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Though precise figures are impossible to pinpoint, the number of Muslims espousing radical beliefs is growing, according to Western analysts and intelligence agencies. Many Muslims say the global war on terrorism and the U.S. presence in Iraq have fueled perceptions that Islam is under attack. "We are passing through the hardest moments of spreading the moderate voice of our religion," says Sheik Khaled el-Guindi, 42, a moderate imam in Cairo. "Most of the pictures we see are of Iraqi heads stepped on by American Army boots. It is no longer just an occupation, but a humiliation." Says Hafiz Hussain Ahmed, a Pakistani cleric and Member of Parliament: "The U.S. and its allies must realize that by occupation, by killing and by dishonoring Muslim women--such as in the Abu Ghraib jail in Iraq--they are sowing the seeds of hatred."
The intensity of such sentiments varies, reflecting the diversity of the Islamic world. Only 18% of the world's Muslims are ethnic Arabs. In Southeast Asian countries with sizable Muslim populations, such as Indonesia, Malaysia and the Philippines, radical Islam does not command a wide following. In both Indonesia and Malaysia, Islamic fundamentalist parties have lost political support in recent elections. But a U.S. State Department report on global terrorism warned last year that Muslim communities in the region are vulnerable to the "radical influences" of extremists because of the substantial financing that Islamic schools and mosques continue to receive from wealthy fundamentalists. And Islamic moderates say the situation in Iraq has put them on the defensive. Says Musdah Mulia, a progressive scholar in Indonesia: "The moderates are finding it more difficult to discuss issues like human rights and democracy when photos of Americans torturing Iraqis keep appearing."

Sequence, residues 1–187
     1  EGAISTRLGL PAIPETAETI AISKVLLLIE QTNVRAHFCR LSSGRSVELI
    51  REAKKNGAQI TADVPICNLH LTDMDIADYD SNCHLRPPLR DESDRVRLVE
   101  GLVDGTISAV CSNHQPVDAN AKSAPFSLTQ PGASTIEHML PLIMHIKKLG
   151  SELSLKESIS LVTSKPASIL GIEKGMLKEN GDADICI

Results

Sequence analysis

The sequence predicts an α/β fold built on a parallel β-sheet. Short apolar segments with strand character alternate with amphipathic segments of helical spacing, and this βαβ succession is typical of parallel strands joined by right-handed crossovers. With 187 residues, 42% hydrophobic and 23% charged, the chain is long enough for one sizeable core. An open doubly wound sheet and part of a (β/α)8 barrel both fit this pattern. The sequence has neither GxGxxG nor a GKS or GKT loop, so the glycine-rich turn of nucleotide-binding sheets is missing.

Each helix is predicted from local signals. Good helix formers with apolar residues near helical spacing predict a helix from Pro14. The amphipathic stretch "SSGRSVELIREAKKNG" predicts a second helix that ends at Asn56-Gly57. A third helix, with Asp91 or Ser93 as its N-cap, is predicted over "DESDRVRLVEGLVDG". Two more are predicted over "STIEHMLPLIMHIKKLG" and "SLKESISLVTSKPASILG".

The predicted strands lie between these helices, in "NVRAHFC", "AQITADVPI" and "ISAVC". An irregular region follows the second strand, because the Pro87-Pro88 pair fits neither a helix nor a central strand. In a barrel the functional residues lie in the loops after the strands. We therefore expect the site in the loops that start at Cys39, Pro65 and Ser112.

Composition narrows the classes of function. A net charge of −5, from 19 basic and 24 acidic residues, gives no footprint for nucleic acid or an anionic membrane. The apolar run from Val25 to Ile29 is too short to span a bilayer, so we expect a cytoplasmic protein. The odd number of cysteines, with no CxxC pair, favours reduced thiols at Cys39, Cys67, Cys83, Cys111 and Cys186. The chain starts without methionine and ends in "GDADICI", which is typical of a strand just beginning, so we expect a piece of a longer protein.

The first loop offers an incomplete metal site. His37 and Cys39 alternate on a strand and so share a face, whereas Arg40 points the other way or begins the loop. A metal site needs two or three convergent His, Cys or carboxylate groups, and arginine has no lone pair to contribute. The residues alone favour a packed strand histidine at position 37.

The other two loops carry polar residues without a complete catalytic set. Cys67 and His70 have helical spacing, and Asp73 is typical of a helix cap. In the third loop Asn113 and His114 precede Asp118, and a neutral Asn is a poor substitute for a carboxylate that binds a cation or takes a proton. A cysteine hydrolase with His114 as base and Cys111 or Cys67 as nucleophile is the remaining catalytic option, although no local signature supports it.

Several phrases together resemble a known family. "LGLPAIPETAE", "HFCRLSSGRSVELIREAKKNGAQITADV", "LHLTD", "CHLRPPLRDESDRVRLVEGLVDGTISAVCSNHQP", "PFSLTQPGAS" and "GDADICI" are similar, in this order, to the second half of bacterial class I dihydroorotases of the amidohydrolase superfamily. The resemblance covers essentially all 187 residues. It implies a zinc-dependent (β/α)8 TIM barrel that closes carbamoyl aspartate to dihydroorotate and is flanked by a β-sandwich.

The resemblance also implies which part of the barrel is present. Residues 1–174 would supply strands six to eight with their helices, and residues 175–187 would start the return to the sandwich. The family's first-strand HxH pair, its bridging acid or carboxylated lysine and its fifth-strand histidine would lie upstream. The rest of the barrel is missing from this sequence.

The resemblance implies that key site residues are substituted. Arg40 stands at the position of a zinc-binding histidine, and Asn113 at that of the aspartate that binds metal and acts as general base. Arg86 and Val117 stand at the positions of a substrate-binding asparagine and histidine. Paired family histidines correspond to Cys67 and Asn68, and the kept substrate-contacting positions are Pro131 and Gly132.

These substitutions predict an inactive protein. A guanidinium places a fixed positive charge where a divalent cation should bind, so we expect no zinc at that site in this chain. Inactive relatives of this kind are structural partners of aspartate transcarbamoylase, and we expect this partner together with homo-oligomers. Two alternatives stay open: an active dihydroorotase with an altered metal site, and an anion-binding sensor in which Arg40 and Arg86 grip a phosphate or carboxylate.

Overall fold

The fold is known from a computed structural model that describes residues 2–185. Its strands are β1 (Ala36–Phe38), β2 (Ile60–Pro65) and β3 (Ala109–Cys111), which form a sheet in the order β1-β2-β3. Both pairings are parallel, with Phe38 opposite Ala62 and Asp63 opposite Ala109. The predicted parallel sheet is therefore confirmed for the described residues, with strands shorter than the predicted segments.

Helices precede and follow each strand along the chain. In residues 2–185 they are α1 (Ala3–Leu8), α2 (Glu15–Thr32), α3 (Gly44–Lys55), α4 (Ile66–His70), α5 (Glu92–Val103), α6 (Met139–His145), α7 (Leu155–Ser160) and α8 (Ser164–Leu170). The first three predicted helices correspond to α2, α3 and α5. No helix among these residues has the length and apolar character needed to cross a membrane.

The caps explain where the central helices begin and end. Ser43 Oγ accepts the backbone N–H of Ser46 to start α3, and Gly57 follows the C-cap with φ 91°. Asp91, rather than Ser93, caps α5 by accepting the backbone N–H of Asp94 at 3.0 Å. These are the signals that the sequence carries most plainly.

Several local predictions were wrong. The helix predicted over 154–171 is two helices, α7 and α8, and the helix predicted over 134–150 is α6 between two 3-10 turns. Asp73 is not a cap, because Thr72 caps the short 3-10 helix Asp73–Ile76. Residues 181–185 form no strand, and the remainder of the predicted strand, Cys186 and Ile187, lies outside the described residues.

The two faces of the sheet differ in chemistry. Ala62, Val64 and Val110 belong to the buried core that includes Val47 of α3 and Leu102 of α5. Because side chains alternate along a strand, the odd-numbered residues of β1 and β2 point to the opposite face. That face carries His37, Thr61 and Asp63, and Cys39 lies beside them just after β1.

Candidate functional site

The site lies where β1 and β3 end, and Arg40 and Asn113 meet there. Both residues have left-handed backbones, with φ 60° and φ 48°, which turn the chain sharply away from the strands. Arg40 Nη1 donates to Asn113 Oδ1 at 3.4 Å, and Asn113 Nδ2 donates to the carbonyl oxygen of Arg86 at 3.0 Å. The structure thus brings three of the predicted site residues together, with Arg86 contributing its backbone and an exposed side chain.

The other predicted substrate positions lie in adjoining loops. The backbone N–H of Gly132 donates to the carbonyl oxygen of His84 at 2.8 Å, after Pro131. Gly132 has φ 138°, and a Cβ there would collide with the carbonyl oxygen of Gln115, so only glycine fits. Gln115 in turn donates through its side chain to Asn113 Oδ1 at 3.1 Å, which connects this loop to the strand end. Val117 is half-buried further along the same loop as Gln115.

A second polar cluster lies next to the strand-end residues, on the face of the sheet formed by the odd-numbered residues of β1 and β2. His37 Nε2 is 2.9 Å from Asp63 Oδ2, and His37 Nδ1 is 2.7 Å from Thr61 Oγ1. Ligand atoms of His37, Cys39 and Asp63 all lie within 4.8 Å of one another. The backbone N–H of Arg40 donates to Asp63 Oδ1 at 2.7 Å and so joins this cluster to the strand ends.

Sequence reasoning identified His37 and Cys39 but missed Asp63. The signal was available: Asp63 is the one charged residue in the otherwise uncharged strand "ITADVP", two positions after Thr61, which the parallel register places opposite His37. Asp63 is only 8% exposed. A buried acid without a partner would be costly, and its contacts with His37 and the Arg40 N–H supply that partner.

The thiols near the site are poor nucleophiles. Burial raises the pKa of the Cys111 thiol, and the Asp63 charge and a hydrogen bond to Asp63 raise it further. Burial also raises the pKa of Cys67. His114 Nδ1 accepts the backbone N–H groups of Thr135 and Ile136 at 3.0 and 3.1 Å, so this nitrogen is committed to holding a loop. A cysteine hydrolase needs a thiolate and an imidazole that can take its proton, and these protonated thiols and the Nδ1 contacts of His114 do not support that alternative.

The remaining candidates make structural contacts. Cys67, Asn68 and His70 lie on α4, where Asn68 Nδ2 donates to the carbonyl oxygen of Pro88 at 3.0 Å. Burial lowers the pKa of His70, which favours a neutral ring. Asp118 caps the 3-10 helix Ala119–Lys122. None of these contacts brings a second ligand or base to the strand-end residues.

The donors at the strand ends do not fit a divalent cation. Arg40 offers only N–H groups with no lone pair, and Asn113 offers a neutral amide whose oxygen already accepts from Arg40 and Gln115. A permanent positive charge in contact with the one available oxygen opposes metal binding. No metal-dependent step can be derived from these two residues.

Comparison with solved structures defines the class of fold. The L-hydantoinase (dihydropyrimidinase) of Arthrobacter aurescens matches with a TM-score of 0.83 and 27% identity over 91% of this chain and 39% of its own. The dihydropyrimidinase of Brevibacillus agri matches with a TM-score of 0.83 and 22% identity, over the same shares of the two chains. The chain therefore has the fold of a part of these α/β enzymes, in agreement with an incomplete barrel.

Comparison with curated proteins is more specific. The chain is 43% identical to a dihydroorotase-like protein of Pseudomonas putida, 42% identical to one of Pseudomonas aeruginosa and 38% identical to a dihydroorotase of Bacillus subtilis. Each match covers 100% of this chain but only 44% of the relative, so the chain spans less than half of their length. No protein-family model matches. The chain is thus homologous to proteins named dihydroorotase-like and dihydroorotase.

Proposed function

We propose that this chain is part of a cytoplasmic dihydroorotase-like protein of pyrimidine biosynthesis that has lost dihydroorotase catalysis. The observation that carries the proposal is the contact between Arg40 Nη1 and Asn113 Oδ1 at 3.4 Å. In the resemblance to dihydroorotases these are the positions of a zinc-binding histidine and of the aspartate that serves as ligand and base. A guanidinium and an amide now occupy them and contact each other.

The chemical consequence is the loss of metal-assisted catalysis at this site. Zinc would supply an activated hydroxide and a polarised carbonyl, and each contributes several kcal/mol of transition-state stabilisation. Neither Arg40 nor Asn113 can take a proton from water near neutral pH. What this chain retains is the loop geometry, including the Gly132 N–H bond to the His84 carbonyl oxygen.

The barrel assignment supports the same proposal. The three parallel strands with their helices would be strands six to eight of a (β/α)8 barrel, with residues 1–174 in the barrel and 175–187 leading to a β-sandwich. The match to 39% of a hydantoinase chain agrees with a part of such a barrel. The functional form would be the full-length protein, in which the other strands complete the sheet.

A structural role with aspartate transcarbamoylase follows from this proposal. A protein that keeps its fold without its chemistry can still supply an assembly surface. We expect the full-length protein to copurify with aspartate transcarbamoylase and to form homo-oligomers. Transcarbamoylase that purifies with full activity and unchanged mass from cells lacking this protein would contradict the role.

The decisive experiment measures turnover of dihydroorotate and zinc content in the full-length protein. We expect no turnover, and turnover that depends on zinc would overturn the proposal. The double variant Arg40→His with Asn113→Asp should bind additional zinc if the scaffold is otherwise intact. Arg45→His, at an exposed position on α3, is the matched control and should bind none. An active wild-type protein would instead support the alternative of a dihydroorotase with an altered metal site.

In Western Europe as well, experts say, while the number of the region's estimated 12.5 million Muslims who have joined extremist groups has not increased significantly, fundamentalists "have adopted a higher profile, and become more influential," according to Abderrahmane Dahmane, president of France's Council of Muslim Democrats. Most Muslim leaders in France have backed Paris' refusal to give in to demands by Islamic militants holding two French journalists in Iraq that France reverse a law barring Muslim students from wearing head scarves in school. Yet European countries still face a potential surge in radicalism, fueled by the social and economic marginalization of Muslim minorities and growing anti-Americanism. Says Dahmane: "America has created a situation where even modern, democratic and peace-loving Muslims have some ambivalent feelings."